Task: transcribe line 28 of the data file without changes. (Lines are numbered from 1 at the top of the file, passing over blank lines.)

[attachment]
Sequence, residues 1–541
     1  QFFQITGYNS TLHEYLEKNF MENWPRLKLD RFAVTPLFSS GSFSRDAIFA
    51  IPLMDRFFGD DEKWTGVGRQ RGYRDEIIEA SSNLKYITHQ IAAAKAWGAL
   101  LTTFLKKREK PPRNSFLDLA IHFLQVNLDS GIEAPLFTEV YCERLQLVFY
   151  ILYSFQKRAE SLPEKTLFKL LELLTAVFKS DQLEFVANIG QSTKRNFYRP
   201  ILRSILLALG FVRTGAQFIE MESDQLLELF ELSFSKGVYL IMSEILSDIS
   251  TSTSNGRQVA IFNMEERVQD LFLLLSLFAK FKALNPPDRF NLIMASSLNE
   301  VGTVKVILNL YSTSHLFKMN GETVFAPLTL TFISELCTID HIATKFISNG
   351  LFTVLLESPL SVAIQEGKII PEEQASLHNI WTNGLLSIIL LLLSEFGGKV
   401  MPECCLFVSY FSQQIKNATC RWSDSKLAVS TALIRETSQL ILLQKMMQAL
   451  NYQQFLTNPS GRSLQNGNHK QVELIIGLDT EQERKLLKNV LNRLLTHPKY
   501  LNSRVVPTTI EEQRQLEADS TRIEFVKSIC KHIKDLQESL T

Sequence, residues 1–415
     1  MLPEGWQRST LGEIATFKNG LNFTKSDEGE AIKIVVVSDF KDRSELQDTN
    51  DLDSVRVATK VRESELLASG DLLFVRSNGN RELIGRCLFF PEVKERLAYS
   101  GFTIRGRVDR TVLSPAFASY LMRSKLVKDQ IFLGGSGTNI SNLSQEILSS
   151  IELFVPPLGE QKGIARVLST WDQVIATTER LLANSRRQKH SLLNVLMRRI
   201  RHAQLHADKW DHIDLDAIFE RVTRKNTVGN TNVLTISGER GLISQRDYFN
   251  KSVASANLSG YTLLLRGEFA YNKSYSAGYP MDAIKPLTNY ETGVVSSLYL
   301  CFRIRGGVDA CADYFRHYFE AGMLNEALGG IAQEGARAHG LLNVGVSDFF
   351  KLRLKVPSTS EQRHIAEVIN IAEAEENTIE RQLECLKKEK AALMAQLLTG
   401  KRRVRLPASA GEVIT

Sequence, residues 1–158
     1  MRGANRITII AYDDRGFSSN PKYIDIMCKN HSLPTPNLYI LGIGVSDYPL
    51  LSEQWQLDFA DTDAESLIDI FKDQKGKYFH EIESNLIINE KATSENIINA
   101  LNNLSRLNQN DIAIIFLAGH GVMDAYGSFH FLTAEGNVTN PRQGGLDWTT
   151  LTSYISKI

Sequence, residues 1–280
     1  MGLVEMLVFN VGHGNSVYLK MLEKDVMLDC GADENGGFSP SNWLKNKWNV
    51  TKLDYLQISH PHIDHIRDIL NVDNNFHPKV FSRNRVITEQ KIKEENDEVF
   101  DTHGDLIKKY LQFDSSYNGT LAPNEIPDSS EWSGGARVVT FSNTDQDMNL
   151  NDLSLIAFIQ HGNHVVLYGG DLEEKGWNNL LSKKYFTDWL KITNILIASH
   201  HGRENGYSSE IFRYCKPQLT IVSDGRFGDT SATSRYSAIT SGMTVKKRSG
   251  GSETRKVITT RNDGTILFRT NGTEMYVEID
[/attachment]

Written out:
Sequence, residues 1–280